Key EU Parliament Groups Reject Green Label for Gas, Nuclear

TEuropean legislators rejected proposals to call gas and nuke power green. This is a major victory for those who are concerned about climate change and investors that have opposed plans to utilize the technologies during energy transition.

Members of the environment and economy committees supported a cross-party objection to the European Commission’s proposal for the two technologies to be included in its so-called taxonomy by a margin of 76-62, with four abstentions. Now, the process moves on to a vote at parliament next month. If approved, it would block the inclusion of nuclear and gas in the list of climate-friendly economic activities.

“The EU has the chance to take the global lead in the fight against climate change and set the gold standard for investment in the climate neutral economy,” Bas Eickhout, a Green lawmaker said in a statement. “We need massive investment in the expansion of renewable energies, not the energies of the past.”

The European Commission’s proposal to label gas and nuclear as sustainable—as long as they receive construction permits by 2035 and 2045, respectively, and respect strict emissions criteria—has been highly controversial. These technologies are crucial in the energy transition. This is especially true when we move away from fossil fuels like coal.

But money managers and environmentalists have slammed the move, saying that it is not compatible with the EU’s green commitments and could feed greenwashing in the financial industry, where environmental benefits of an investment are misstated. This could lead to investments being diverted away from renewables.

Some of the Commission’s proposals:

  • Gas projects replacing coal and emitting no more than 270 grams of CO2 equivalent per kilowatt-hour can get a temporary green label, or if annual emissions don’t exceed an average of 550 kilograms per kilowatt-hour over 20 years.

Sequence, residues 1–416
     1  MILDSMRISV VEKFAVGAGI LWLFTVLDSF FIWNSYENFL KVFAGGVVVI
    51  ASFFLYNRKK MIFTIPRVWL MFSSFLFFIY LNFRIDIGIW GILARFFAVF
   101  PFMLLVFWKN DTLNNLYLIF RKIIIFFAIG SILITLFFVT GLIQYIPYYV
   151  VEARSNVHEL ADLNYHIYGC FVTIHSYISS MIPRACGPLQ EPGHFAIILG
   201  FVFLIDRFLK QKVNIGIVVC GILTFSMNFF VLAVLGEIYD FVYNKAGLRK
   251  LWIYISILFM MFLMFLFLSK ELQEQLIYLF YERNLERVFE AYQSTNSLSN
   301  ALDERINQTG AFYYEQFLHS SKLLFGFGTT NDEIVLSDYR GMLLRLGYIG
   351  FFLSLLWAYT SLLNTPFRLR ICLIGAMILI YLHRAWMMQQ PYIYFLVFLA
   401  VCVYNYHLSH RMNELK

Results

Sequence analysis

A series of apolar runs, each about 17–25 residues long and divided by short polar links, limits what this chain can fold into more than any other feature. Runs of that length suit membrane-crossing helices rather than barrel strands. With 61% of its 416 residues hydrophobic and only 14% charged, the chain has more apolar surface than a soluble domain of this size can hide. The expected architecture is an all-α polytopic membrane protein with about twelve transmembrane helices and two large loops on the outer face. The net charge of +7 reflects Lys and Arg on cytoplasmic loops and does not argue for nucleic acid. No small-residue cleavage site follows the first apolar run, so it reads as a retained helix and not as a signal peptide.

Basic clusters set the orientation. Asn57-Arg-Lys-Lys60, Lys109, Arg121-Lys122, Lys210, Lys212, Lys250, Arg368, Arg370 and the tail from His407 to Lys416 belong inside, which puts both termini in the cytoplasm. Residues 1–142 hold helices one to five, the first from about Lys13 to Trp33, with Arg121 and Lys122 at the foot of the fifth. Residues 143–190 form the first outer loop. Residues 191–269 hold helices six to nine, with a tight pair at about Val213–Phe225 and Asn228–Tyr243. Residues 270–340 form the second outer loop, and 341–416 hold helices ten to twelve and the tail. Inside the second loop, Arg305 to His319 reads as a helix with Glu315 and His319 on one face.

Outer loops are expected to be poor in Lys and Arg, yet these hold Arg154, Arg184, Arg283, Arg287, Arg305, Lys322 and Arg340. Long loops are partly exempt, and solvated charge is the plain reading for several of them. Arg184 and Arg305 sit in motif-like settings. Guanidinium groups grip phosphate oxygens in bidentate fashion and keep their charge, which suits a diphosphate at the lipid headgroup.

• These plants will need to have construction permits in place by 2030 and plans to transition to low-carbon or renewable gases before the end of 2035.
  • The nuclear option is available if the new plants, whose construction permits are issued by 2045, do not pose a significant threat to the environment.
  • Investors should be able to see more information from funds about nuclear and gaz holdings, as required by the taxonomy.

“There is no reason whatsoever to let risky technologies like nuclear or fossil gas have access to the same cheap financing that the taxonomy can provide,” said Anders Schelde, chief investment officer at Danish pension fund AkademikerPension. “It’s now down to the Parliament to correct this mistake of including fossil gas and nuclear in the taxonomy.”

Both the Council of the EU, comprised of member states, and Parliament have the power to veto the Commission’s proposal. Although the barriers for countries to object are nearly impossible, around 20 of the 27 members states must support the rejection, the majority required by Parliament is only a simple majority. It’s a huge challenge due to its political makeup.

Russia’s invasion of Ukraine had also been cited by lawmakers as an example of why gas in particular should not be considered a transition fuel, given the recent price volatility and the risk of Moscow halting supplies to the EU.

Simone Tagliapietra, a senior fellow at the Brussels-based think tank Bruegel, said that the taxonomy shouldn’t be used to dictate energy policy, and that even without gas and nuclear’s inclusion, investors would still be able to finance the technologies if they choose to do so.

“With today’s pushback, the EU taxonomy now has a chance to become the international ‘gold standard’ in the field,” he said. It’s “an important step to reverse what has simply been a mistake.”

—With assistance from Ewa Krukowska.

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